editors of this volume insightfully argue the importance of paying attention 
to questions of audience.  Doing so, they instruct, complicates how we can 
understand both our locations as ethnographers and our anthropological 
projects.  As a result, questions of audience have serious implications for 
how we understand not only relations of power among us as scholars, but also 
anthropology's contributions in an increasingly interconnected world.

While as a whole the book makes an interesting and useful addition to recent 
discussions of the politics of institutionalized knowledges and historical 
and contemporary global flows, the primary contributions of most chapters 
are historical: They offer detailed sketches of the development of 
anthropology in various countries in East and Southeast Asia, discussing 
these countries one by one.  The chapters are sometimes redundant-and some 
are more sophisticated and focused on the volume's themes than others-but 
overall they are instructive.  For example, David Askew and Shinji Yamashita 
productively examine the development of anthropology in Japan in the context 
of imperialist projects; their chapters will be useful to studies of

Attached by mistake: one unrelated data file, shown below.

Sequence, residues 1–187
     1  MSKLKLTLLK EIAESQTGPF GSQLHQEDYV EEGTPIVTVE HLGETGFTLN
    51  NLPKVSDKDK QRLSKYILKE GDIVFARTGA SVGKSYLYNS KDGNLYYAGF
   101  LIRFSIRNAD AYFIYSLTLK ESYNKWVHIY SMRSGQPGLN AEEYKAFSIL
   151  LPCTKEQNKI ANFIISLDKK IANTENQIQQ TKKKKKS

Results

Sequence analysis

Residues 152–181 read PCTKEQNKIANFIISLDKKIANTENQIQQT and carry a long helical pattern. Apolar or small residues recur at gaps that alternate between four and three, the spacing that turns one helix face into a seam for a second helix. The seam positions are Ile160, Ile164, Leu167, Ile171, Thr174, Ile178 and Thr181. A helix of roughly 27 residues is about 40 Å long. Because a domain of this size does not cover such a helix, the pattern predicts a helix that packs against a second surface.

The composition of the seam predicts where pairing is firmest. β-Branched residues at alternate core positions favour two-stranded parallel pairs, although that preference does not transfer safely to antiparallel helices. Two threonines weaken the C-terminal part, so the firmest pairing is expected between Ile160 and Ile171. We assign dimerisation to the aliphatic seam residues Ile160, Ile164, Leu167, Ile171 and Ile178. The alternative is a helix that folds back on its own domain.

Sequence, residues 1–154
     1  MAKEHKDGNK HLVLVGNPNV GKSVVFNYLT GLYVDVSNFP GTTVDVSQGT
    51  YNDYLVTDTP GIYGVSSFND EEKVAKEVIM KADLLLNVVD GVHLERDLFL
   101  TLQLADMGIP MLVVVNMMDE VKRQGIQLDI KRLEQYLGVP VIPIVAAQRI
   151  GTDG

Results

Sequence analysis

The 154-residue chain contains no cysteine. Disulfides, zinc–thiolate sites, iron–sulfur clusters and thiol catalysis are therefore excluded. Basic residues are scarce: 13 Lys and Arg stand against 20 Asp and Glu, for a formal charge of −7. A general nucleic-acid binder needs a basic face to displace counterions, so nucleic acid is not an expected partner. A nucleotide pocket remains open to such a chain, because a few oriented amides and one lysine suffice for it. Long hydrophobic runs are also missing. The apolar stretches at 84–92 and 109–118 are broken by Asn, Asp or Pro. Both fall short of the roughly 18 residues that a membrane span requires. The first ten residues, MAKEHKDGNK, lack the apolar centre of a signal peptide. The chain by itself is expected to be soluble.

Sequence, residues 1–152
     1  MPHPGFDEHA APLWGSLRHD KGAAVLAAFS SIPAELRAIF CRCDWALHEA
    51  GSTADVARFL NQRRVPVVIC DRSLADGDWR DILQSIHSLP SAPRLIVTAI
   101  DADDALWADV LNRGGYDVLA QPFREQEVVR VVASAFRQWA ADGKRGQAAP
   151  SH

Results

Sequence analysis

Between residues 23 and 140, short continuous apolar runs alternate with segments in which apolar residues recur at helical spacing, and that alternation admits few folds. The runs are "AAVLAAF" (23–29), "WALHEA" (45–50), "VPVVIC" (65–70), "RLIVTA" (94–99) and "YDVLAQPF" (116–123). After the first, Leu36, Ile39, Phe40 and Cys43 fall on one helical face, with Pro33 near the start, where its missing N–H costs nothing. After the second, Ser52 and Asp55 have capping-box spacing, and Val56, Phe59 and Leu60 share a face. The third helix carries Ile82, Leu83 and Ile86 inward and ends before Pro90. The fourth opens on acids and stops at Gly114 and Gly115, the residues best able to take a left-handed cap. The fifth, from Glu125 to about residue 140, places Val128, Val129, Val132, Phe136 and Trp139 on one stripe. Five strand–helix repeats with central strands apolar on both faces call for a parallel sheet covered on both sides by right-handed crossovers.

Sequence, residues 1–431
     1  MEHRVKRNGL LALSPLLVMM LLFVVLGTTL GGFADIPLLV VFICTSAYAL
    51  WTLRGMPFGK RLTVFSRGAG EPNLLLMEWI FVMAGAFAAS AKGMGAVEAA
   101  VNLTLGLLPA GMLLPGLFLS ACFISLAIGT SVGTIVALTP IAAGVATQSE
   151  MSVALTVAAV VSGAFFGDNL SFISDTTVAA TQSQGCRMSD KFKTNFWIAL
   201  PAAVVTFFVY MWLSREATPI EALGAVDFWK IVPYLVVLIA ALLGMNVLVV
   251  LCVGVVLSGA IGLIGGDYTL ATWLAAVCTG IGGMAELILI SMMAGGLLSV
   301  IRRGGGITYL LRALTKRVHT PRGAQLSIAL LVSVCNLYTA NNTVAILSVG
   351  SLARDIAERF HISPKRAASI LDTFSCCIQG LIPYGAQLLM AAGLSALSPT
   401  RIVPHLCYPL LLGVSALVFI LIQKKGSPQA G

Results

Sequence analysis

comparative colonialisms.  Other contributors focus on the relationships 
between anthropology and nationalist projects in China, Taiwan, Korea, 
Malaysia, and the Philippines, considering what indigenizing anthropology 
has meant (and might mean) in these countries.

Although the structure of the book is comparative, it also begins tracing 
links between anthropologies in East and Southeast Asia and those in the 
United States, Britain, France, and Australia.  Xin Liu's exploration of 
"Two Moments in the History of Chinese Anthropology" importantly reminds us 
that there is considerable variation in regional anthropological traditions 
and that anthropologies in China and the West are not easily dichotomized. 
Other of the chapters, however, might have more imaginatively traced global 
inter-anthropological connections.  The introduction maintains that most 
anthropologies in the region developed in conversations more with the West 
than with each other; yet in some cases even these links might have been 
more carefully explored.

The collection as a whole also has a couple gaps.  First, it is unbalanced